North Dakota WWII soldier’s remains identified after 78 years

Graves are seen at Arlington National Cemetery on Veterans Day.
Graves are seen at Arlington National Cemetery on Veterans Day.(Source: Pool/CNN)
Published: Aug. 19, 2022 at 8:54 AM CDT
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TOLLEY, N.D. (Valley News Live) - A North Dakota family finally has some closure 78 years after a solider never returned home from WWII.

The Department of Defense says it just identified the remains of then 27-year-old Robert L. Alexander of Tolley, ND who was killed in the Pacific Theater.

The military says Alexander was a part of 105th Infantry Regiment of the 27th Infantry Division fighting the Japanese in Saipan in July of 1944. Officials say Alexander along with many other service members were killed when a Japanese general ordered a banzai, or suicide mission attack, against the Americans.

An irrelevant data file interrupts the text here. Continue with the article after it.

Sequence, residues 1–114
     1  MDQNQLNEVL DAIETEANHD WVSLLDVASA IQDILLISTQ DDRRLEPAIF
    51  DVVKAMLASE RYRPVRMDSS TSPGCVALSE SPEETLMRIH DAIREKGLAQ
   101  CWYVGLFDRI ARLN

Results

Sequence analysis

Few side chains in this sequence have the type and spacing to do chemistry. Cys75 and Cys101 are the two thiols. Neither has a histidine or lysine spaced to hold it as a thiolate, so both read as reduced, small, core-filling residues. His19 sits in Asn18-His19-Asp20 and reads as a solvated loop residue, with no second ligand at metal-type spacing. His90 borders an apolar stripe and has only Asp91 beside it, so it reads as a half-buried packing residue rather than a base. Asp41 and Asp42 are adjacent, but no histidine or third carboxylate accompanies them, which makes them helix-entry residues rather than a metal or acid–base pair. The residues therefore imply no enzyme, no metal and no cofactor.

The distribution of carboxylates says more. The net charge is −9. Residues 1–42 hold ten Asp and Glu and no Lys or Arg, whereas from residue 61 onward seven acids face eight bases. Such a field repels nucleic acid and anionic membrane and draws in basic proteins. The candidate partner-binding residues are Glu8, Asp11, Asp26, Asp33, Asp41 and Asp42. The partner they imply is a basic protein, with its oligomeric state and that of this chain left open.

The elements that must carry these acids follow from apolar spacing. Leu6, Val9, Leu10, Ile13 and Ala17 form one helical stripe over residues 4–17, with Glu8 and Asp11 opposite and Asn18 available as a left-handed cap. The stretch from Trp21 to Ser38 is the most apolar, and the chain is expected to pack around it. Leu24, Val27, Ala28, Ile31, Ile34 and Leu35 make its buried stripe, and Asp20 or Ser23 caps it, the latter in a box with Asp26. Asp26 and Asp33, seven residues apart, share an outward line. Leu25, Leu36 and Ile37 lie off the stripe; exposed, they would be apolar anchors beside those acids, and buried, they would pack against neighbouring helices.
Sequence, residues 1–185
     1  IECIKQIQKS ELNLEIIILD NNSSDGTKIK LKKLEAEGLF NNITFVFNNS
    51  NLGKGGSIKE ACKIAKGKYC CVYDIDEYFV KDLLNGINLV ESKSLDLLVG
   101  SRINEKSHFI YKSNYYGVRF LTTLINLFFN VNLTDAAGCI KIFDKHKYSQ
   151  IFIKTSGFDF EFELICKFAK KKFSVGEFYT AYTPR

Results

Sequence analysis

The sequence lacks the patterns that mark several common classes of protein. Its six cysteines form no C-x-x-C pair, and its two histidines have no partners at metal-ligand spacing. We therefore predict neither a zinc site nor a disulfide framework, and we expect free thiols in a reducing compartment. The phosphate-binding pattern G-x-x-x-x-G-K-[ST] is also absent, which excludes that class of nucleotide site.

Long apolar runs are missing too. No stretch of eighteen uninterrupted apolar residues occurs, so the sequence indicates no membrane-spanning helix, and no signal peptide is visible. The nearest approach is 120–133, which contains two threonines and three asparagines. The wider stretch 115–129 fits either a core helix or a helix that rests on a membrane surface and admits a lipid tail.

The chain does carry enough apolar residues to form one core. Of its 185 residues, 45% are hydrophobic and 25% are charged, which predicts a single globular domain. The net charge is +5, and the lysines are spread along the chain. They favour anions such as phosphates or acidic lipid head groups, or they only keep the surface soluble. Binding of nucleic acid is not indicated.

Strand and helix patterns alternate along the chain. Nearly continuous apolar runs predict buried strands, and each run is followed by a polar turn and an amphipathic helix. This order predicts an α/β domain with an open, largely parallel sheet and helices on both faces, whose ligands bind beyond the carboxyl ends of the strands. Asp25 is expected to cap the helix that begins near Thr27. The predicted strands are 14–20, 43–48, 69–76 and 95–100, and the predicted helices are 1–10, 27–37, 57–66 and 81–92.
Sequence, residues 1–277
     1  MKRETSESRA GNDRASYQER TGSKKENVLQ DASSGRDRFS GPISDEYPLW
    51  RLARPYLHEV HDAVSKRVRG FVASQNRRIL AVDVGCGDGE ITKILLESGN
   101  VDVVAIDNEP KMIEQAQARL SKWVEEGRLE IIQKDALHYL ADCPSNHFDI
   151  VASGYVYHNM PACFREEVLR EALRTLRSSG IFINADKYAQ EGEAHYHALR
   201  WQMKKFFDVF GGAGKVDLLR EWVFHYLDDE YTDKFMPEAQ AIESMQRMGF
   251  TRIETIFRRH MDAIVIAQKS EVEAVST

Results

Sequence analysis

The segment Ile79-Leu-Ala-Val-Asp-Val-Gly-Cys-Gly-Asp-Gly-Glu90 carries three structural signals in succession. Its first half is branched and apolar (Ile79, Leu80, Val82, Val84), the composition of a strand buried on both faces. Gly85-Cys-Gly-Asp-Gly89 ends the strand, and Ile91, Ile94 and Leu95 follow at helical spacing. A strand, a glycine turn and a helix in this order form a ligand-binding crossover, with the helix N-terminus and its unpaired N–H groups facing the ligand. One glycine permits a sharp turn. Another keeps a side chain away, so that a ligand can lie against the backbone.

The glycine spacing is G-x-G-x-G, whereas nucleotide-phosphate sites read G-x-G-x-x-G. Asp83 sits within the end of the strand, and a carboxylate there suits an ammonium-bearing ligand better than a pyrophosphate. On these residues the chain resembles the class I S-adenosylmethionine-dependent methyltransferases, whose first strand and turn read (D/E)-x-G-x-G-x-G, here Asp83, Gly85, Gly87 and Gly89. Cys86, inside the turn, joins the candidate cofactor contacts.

Following the end of WWII, an agency was responsible for recovering missing American servicemembers, but they could never identify a body as Alexander. He was then declared non-recoverable in September 1949.

New technology has since aided the military in identifying remains, and in January 2019, they disinterred a group of soldiers previously identified as non-recoverable.

In June of 2022, authorities were able to match one of the remains to Alexander. Military scientists used dental analysis along with DNA and other circumstantial evidence to bring closure to the Alexander family.

Alexander was buried in the Philippines, but will now be laid to rest at Arlington National Cemetery in Virginia, near the nation’s capitol.

For funeral information, you can contact the Army Casualty office at 800-892-2490.

Tolley is a small town northwest of Minot in Renville County.